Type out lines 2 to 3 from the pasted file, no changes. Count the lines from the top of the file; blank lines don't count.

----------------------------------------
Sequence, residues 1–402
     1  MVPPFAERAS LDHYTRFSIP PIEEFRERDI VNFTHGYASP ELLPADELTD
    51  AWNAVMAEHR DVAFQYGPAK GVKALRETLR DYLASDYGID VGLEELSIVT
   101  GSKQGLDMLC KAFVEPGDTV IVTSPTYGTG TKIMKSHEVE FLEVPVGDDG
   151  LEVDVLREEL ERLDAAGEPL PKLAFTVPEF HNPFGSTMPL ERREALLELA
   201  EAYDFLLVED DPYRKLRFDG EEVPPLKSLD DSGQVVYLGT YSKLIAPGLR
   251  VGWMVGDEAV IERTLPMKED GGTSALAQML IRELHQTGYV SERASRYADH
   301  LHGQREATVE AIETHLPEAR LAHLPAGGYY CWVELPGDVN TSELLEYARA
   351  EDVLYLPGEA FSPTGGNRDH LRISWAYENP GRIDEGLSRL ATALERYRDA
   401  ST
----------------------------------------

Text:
     1  MVPPFAERAS LDHYTRFSIP PIEEFRERDI VNFTHGYASP ELLPADELTD
    51  AWNAVMAEHR DVAFQYGPAK GVKALRETLR DYLASDYGID VGLEELSIVT